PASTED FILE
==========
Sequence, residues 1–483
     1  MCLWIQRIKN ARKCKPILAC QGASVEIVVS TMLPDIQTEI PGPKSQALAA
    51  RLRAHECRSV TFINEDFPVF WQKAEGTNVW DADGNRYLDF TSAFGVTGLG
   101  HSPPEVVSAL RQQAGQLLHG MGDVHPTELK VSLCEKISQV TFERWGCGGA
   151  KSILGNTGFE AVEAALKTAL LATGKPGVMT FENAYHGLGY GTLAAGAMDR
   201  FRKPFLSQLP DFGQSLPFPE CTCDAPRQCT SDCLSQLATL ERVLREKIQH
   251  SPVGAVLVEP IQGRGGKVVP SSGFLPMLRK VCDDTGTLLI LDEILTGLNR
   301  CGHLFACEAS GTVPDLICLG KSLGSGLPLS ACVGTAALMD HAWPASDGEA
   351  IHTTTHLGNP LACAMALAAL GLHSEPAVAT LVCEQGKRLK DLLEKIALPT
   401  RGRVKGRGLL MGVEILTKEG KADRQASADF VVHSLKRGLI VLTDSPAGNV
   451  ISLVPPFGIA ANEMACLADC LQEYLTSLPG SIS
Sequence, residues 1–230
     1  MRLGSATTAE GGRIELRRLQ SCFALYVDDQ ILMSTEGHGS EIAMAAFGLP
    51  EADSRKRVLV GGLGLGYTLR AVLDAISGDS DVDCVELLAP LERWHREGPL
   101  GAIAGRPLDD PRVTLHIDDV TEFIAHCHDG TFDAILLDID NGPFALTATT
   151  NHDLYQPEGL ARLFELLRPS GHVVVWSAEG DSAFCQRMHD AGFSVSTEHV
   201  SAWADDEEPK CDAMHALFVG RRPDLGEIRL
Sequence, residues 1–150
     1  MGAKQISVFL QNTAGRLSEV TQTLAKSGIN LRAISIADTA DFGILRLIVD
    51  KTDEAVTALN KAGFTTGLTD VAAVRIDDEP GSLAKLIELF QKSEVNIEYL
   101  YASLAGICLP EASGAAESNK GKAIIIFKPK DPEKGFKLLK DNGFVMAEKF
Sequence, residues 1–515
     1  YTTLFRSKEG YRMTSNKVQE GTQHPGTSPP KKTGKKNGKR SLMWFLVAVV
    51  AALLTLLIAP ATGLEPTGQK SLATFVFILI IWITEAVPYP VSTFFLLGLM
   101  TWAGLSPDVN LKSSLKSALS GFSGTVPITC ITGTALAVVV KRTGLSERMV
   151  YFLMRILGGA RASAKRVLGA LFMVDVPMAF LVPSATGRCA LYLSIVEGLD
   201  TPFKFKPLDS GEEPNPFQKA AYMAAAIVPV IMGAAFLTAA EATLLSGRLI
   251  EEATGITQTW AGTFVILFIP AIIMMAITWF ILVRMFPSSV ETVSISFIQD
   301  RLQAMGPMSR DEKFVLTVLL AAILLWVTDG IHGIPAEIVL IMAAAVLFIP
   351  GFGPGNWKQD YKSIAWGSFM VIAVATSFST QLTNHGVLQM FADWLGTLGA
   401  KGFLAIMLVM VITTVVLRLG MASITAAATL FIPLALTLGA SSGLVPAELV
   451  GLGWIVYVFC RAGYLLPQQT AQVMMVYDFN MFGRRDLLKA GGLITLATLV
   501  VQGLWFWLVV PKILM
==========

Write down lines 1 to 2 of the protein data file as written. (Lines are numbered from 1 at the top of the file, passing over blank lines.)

Sequence, residues 1–483
     1  MCLWIQRIKN ARKCKPILAC QGASVEIVVS TMLPDIQTEI PGPKSQALAA